Downton Abbey Series Blog- Series 2 Finale

Last week, we tied up the second division plot strands, leaving us a final, 90-minute (or, if you prefer, 15 minute + ads, cheers ITV) bonanza of metaphorical- and literal- coitus interruptus.

As we’ll see, some of the characters take “sorry dear, I’ve got a headache” to frankly extreme measures.

The key plot drivers, then, are sex and Spanish flu, two things I always try to keep separate. To be fair, as the epidemic overruns the Abbey, sex is the last thing on the minds of most of the invalids.

The same can’t be said for Lord Grantham, whose dalliances with Jane (“I think you know how much I want to help, my Lord”), if ultimately unconsummated, are a rather rum show while Cora writhes in bed for entirely more vomity reasons.

Disappointingly, ingrained chivalry eventually gets the better of him, which is a shame for those of us who heartily share in his taste and were looking forward to this moment, and packs her off the only way he knows how – out of his service, with a hefty chunk of hush money weighing down (but, alas, not all the way down) her petticoats.

You know, written down, that almost makes him seem like a bounder. Cuddly Sir Hugh? Never!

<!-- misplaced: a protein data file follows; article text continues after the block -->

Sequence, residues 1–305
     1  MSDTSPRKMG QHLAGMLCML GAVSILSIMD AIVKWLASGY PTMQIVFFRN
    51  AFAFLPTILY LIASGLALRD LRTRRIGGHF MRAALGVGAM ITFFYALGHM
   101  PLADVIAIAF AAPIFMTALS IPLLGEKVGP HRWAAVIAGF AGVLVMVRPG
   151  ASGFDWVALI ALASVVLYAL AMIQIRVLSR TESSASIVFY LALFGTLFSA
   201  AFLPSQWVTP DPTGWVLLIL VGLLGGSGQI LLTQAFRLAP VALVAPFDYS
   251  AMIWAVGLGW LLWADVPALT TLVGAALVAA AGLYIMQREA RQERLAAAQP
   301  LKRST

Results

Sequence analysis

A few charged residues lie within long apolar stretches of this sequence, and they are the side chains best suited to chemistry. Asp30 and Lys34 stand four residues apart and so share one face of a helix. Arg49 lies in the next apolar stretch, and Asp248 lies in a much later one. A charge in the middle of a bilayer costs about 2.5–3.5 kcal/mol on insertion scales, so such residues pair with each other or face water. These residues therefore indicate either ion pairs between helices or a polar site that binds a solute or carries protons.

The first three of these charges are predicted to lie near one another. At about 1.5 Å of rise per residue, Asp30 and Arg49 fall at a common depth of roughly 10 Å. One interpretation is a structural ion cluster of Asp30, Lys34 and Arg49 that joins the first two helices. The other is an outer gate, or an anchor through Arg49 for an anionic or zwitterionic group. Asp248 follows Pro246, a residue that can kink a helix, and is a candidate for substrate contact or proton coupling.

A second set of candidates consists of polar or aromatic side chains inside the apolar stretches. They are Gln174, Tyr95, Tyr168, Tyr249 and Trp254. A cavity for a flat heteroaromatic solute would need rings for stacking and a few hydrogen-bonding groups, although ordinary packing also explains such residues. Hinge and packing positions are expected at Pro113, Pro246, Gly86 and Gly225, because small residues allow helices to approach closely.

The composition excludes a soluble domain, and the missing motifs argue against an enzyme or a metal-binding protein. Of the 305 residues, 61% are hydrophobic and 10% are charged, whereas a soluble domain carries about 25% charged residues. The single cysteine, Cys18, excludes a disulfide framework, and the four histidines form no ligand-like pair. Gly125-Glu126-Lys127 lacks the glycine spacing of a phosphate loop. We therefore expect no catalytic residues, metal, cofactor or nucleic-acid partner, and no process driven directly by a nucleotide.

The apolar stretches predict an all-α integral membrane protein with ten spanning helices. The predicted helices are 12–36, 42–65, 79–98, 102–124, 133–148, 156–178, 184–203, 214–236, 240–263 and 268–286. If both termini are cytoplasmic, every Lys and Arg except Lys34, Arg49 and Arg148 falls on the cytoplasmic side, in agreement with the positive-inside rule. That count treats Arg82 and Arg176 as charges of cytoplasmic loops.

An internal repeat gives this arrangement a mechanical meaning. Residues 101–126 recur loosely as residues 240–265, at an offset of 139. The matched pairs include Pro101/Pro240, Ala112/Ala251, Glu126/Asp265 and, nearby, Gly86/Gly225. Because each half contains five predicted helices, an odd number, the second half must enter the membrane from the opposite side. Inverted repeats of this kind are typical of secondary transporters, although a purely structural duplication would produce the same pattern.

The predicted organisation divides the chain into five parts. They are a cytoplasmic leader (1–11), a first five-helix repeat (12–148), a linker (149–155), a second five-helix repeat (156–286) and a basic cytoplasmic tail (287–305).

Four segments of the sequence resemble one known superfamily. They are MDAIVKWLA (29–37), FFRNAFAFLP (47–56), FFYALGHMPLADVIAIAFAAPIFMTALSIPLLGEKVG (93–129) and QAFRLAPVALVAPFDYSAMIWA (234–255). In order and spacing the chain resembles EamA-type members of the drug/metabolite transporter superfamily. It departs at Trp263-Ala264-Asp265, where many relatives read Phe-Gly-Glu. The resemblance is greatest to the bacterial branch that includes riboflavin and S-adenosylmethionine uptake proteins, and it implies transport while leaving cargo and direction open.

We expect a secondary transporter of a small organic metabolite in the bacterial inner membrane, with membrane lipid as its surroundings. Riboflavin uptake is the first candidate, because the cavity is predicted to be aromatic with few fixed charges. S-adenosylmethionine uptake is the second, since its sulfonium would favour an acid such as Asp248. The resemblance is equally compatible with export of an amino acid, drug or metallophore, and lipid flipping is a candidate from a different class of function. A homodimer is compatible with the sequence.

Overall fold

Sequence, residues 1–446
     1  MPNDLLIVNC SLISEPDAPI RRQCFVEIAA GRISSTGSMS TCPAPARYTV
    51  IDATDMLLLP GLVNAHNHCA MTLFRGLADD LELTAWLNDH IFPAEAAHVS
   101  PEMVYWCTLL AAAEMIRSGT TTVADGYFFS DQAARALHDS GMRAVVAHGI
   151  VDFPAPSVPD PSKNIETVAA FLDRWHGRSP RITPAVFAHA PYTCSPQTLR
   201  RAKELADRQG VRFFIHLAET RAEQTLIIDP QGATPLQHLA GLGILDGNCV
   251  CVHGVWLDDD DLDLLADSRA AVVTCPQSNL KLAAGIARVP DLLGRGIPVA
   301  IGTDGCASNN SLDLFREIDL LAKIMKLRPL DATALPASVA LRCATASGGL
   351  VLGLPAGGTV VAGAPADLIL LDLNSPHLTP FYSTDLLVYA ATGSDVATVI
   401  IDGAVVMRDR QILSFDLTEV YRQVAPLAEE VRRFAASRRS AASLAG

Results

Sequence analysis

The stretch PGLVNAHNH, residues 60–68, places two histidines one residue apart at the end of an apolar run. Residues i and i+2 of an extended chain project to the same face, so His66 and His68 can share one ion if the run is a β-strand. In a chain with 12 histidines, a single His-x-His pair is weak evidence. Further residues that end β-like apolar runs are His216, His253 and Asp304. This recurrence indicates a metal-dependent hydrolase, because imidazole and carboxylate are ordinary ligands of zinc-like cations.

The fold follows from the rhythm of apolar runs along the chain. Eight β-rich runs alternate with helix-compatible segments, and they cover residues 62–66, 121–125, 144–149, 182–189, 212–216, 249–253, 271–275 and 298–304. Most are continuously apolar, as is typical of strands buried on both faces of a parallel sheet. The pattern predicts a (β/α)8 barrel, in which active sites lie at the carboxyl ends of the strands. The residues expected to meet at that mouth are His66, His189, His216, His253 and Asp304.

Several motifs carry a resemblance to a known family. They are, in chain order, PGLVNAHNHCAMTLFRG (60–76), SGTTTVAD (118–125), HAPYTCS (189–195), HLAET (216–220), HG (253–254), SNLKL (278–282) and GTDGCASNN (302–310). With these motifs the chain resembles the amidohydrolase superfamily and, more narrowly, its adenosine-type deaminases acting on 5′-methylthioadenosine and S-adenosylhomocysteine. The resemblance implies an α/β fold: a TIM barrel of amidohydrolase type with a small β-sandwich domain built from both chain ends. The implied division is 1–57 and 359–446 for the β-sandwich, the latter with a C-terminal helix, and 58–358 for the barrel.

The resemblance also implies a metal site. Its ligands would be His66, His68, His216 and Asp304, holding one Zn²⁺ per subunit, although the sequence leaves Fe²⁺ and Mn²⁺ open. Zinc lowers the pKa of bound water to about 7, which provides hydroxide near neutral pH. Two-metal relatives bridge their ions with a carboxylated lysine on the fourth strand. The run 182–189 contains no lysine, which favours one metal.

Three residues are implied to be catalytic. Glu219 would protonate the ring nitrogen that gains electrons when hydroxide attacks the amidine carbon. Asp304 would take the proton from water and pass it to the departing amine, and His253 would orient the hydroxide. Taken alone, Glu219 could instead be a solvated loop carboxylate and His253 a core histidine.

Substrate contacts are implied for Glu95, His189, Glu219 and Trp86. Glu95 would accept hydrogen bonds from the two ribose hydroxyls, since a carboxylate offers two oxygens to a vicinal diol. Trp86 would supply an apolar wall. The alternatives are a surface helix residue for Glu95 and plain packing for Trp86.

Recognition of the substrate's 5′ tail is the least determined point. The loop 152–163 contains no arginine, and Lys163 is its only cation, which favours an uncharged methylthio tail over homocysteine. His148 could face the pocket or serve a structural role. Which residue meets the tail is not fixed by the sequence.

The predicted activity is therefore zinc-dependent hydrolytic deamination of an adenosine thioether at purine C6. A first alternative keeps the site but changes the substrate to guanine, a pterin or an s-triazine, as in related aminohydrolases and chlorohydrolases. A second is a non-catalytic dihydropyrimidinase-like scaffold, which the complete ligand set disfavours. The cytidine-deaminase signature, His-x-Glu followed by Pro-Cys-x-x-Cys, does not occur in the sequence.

Another rather more surprising example of loinal stirrings is revealed via O’Brien’s fierce loyalty to death’s door-knocker Lady Cora. Doing my sums, then, that makes two gay characters, both of whom are boo-hiss baddies. Is that really on? Next series I expect we’ll discover Sir Richard has a penchant for lithe, pretty, flat-chested youths (a category into which Lady Mary slips suspiciously well) and complete the set.

Saucepants also in the Bates household, as it becomes when Bates and Anna hurriedly tie the knot in Ripon: increasingly desirable social hotspot of the north. The romance of the situation is slightly spoiled by their motivation – the inevitable impending arrest of Mr Bates – but then when have these two ever expected an easy life?

At least they get one night of marital bliss, in the form of a surprise boudoir prepared by Lady Mary who seems to have conveniently forgotten the lethal risks involved in illicit trysts in the Abbey.